Do candidates' ethnic backgrounds matter in elections? More precisely, do they change voters' perceptions about the candidates, and ultimately change their vote choice? If so, in what way and how much? And perhaps more importantly, why? This doctoral thesis attempts to answer these questions using experimental and observational election surveys in Japan and Canada. In the experiments, I aim to estimate causal effects of candidates' ethnic minority status on vote choice, test three relevant theories by examining three moderated effects, and propose two causal mechanisms. With a Canadian Federal election survey merged with candidate background data, I examine whether the findings in the experiments hold in real electoral contexts. This research points to three major findings. First, the estimated average causal effects of candidates' ethnic minority backgrounds were negative. The experiments suggest an approximately 6 percentage point drop when the ethnicity of the target candidate changes from majority to minority backgrounds. Second, two important voter heterogeneities for this effect are repeatedly found. As implied by the two relevant theories, voters who have negative affect and attitudes towards ethnic minorities, and those who oppose ethnically relevant policies that benefit ethnic minority groups, were much less likely to vote for an ethnic minority candidate. Third, in the experiments, some evidence for a trait or affect-driven mechanism was found, while more consistent support for a relevant policy preference cue mechanism was observed in both countries. The former mechanism highlights the importance of multiple candidate contests in the experiments, as voters improved their candidate impressions and affective reactions to the opponent(s) rather than devaluing the ethnic minority candidate. The latter mechanism identifies specifically what the candidates' ethnic minority status means to voters. It suggests that some voters do not vote for an ethnic minority candidate because they use ethnicity to estimate the policy preference of the candidate on the ethnically relevant policy dimension. Thus overall, candidates' ethnicity influences vote choice at a modest level, but its effect size varies across voters with different affective orientations and attitudes, and so the process is more complex than straightforward.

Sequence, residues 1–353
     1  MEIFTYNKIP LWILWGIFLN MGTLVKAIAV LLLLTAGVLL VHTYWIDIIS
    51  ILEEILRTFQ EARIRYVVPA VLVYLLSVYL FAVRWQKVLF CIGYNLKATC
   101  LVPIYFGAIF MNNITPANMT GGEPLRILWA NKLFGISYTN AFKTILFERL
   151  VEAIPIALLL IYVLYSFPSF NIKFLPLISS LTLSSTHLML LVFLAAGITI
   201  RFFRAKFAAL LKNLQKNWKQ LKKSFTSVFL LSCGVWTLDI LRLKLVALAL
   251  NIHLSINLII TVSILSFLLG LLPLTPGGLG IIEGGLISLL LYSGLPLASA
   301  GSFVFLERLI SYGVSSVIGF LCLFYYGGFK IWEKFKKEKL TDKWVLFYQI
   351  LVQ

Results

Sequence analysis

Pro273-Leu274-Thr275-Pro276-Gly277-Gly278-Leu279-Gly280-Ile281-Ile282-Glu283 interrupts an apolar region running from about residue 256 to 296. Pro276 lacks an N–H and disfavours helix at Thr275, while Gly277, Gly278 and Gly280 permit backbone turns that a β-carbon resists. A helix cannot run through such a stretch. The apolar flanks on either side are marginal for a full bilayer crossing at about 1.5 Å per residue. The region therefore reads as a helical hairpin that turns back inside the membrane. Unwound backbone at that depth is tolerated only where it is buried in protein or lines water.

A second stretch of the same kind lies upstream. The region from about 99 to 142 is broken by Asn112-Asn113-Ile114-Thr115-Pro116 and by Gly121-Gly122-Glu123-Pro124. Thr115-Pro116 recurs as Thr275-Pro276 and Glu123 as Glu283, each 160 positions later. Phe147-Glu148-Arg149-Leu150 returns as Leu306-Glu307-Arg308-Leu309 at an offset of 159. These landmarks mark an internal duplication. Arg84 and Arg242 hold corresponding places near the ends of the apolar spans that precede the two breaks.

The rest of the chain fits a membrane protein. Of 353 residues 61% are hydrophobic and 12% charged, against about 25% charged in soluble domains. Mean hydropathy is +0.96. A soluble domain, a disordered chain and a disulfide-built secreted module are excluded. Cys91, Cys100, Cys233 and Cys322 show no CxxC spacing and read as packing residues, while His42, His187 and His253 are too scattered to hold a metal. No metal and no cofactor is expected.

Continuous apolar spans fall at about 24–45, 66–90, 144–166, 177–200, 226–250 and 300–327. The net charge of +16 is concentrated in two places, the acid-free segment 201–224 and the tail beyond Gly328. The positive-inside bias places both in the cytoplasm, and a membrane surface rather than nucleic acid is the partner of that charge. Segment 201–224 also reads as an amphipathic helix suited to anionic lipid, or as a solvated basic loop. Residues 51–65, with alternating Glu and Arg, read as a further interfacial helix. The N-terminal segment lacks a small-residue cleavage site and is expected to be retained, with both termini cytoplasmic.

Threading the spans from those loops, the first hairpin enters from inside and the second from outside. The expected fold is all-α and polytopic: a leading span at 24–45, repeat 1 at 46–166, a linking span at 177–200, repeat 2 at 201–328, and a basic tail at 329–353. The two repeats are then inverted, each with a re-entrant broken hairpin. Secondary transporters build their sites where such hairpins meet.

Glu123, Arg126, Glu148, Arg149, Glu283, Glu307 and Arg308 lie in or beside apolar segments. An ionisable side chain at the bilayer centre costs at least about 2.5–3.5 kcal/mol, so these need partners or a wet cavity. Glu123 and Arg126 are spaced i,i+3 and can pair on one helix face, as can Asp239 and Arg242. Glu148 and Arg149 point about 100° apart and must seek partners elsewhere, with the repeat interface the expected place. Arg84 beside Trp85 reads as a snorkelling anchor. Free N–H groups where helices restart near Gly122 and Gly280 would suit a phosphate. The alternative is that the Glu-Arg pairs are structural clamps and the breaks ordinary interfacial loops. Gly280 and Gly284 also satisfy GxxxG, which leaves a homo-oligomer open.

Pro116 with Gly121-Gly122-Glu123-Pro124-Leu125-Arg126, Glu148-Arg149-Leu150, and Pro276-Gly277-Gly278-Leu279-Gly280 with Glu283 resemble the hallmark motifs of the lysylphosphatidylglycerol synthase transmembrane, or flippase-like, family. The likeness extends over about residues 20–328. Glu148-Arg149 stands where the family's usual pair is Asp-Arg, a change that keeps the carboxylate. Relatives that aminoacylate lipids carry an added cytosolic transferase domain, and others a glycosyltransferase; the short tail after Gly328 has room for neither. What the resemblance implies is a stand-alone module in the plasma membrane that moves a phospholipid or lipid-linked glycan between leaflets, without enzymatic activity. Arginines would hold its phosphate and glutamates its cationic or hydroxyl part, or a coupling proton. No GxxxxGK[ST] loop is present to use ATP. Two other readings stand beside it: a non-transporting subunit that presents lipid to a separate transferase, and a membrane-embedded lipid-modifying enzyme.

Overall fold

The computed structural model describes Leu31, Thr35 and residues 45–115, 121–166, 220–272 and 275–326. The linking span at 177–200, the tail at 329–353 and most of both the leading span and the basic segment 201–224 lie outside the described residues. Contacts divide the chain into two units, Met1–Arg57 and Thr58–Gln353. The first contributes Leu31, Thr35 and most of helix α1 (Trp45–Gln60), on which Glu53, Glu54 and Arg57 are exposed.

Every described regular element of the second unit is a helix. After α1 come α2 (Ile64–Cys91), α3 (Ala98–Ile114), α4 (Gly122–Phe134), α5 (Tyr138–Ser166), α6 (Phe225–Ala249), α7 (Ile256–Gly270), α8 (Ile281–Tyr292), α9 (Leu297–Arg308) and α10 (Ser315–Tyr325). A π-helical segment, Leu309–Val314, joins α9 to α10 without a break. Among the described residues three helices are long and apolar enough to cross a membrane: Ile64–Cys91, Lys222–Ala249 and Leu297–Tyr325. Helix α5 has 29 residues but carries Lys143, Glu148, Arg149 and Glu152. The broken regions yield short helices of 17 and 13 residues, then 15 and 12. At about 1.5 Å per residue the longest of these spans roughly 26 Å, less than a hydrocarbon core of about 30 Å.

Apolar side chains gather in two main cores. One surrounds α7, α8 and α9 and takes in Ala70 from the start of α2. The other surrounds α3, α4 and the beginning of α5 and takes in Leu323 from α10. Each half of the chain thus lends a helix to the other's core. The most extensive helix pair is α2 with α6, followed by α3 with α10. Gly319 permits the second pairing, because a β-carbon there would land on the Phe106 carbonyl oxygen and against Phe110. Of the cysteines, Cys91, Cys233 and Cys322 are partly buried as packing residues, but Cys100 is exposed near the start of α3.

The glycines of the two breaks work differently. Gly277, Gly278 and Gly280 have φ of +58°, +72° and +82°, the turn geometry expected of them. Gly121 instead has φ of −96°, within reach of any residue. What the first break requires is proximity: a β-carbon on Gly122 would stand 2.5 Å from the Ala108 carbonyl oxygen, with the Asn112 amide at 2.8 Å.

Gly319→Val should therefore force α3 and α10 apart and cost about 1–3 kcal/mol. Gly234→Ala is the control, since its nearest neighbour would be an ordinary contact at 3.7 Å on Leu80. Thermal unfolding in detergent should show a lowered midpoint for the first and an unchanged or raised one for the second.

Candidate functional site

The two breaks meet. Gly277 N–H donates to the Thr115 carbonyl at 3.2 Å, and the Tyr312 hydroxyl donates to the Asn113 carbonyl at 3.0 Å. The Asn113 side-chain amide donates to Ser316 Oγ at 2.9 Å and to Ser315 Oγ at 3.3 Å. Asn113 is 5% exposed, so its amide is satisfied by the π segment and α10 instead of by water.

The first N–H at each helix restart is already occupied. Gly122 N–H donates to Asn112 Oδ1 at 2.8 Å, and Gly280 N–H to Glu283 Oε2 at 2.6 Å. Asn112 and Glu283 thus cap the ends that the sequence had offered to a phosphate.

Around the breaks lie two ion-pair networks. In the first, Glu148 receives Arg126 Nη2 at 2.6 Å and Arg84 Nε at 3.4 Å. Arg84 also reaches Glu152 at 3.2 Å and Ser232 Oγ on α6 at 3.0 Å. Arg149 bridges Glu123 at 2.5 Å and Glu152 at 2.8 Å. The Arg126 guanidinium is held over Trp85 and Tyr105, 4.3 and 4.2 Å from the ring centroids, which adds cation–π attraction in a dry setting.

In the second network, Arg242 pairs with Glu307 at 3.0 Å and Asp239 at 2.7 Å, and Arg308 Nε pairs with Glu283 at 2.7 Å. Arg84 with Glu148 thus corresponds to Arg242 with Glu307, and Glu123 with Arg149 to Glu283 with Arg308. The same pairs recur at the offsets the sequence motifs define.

Western liberal democracies are grappling with the issue of ethnic diversity. Canada, with its shifting immigration patterns from ‘traditional’ to ‘non-traditional’ sender countries, is no exception. Since 1971, Canada’s federal government has pursued a policy of multiculturalism in its approach to interethnic relations. The normative assumption behind the approach is that ethnic diversity is good and that affirming ethnic minority cultures is the best way to achieve a strong, cohesive society for all Canadians. This dissertation investigates the behavioural aspect of the multicultural assumption. That is, how do people actually behave in a multicultural society? What factors determine the shape of the attitudinal terrain? How do citizens really perceive their neighbors and what are the consequences? This dissertation is interested not just in what people say about ethnic diversity, but why people say it. In a series of four articles, it looks at a range of issues, including the attitudinal determinants of comfort with intergroup contact, the marginal effects of individual and contextual factors of attitudes toward immigrant integration for whites and non-whites, and the interaction between political values and personality in overcoming negative reactions to ethnic stereotypes. I draw on political science theories of behaviour, as well as social psychological and personality psychological theories of attitude and identity formation. I employ recent public opinion data from various sources to test hypotheses with descriptive statistics and regression analysis. Given the dissertation’s article structure, there are numerous conclusions to be drawn. For instance, I highlight the relative importance of prejudice, rooted in an individual’s social identity, in shaping attitudes about ethnic outgroups. I also show the analytic dangers of conflating value differences with physical differences when assessing the perceptions of minority groups. Along the same lines, I show the importance of investigating minority opinion separately from majority opinion: key attitudinal determinants impact these groups quite differently. I illustrate the power of political values in overriding potent negative stereotypes. Finally, I uncover evidence that supports the assumptions behind Canada’s multiculturalism policy, namely, that ethnic minorities confident in their own culture will be more willing to contribute to a strong Canadian society.